Humanities at Caltech
I remember being a junior in HS and my APCS partner, Brooke, had just gotten accepted into Caltech. She was looking at the course catalog for humanities courses during class (instead of working on our project) and shaking her head at the offerings. When May rolled around, she told me part of the reason she didn’t choose to go to Caltech was how the humanities courses seemed to be “too scientific,” with classes that integrated history with quantum physics, etc. A year later, when I was in the same situation, I decided to matriculate to Caltech for its strong STEM offerings, but felt some anxiety about how my love of the humanities would be fed during my four years of undergraduate education.
My first humanities course at Caltech was the History of China. I walked into the classroom on the first day, not knowing what to expect. It ended up being one of the most comprehensive and rigorous classes I’ve taken at Caltech. It was a pure history course, with sometimes up to a hundred pages of reading each week of old documents, philosophical texts, etc. While this was not an experience I wanted to replicate for the rest of my humanities courses at Caltech, I definitely realized that there were opportunities to do “pure” humanities classes if I wanted to.
I began to tailor my humanities courses more towards subjects I enjoyed. As part of the core requirements, students need to take 12 terms of humanities and social sciences, which breaks down to one humanities class per term. Two of the classes are “frosh hums,” which refer to pre-requisite classes you need to complete before moving to the advanced humanities, and can be graded as Pass/Fail. My two frosh hums were in history and philosophy, meaning that I could then take upper level history and philosophy (100+ coded courses) classes and have them count towards my advanced humanities requirement. There is also a social sciences requirement, which refers to classes in subjects such as economics, political science and psychology. These classes tend to be more STEM heavy than the humanities classes. Core requirements dictate students take two introductory social sciences (mine were in economics and psychology) after which advanced courses in these areas would count as advanced social science credits. Within these requirements, students also need to take three “writing-intensive” classes, which are just 100+ coded humanities courses (but don’t necessarily include 100+ coded social science classes!).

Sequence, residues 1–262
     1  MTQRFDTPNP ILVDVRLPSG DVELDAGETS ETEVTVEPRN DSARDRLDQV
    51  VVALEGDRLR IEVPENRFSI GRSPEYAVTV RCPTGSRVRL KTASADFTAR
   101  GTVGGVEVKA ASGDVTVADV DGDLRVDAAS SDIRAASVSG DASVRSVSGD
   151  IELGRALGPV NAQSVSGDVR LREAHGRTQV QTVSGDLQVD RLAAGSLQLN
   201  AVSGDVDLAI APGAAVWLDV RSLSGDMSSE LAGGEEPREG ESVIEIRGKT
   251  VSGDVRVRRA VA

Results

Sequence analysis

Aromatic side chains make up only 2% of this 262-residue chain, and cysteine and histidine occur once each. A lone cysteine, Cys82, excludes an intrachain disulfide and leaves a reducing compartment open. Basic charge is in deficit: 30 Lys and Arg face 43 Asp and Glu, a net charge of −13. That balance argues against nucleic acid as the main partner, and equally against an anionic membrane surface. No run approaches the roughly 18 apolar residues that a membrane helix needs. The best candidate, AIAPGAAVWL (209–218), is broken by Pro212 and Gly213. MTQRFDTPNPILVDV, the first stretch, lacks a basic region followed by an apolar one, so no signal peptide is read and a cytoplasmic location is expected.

So here’s the breakdown as of May 2022:
- 2 freshman humanities classes in History, English or Philosophy
- 2 advanced humanities classes based on what you took as a prerequisite
- 2 introductory social sciences in Economics, Political Science, Psychology (and also Anthropology)
- 2 advanced social science classes based on your prerequisite
- 4 additional humanities/social science classes
- Within the requirements above, 3 of these classes need to be writing intensive
When I decided that I enjoyed neuroscience, I began to satisfy my requirements with Psychology classes that were often cross-listed as neuroscience or neurobiology. Many students at Caltech, especially in the CS option, decide to double major in BEM, short for Business, Economics and Management. This is very doable and common, but requires you to “use” all of your classes on BEM/Econ classes, which often involve a lot of math. I know several people who have doubled majored in History, English and Political Science, some of whom are Admissions Ambassador bloggers; hopefully they’ll write more about their experiences!
Even with my interest in the social sciences, I have taken some amazing humanities classes here at Caltech. It hasn’t been like what my friend, Brooke, was worried about all those years ago. I took a class named Perspectives in Russian Literature where I read Crime and Punishment for the first time, and got the opportunity to think deeply about its underlying themes. During the pandemic, I took a class on historical epidemics of diseases such as smallpox and polio that gave me more perspective on what I was currently going through. Even the classes I’ve taken that have a heavy scientific component tend to be cognizant that the material should be fundamentally humanistic, and integrate this within the curriculum.
This is my experience with humanities at Caltech. I hope this provided some useful information if you’re worried about attending Caltech because of its humanities offerings or that it’s too STEM-heavy; there are opportunities to explore other subjects outside of the “tech” in Caltech.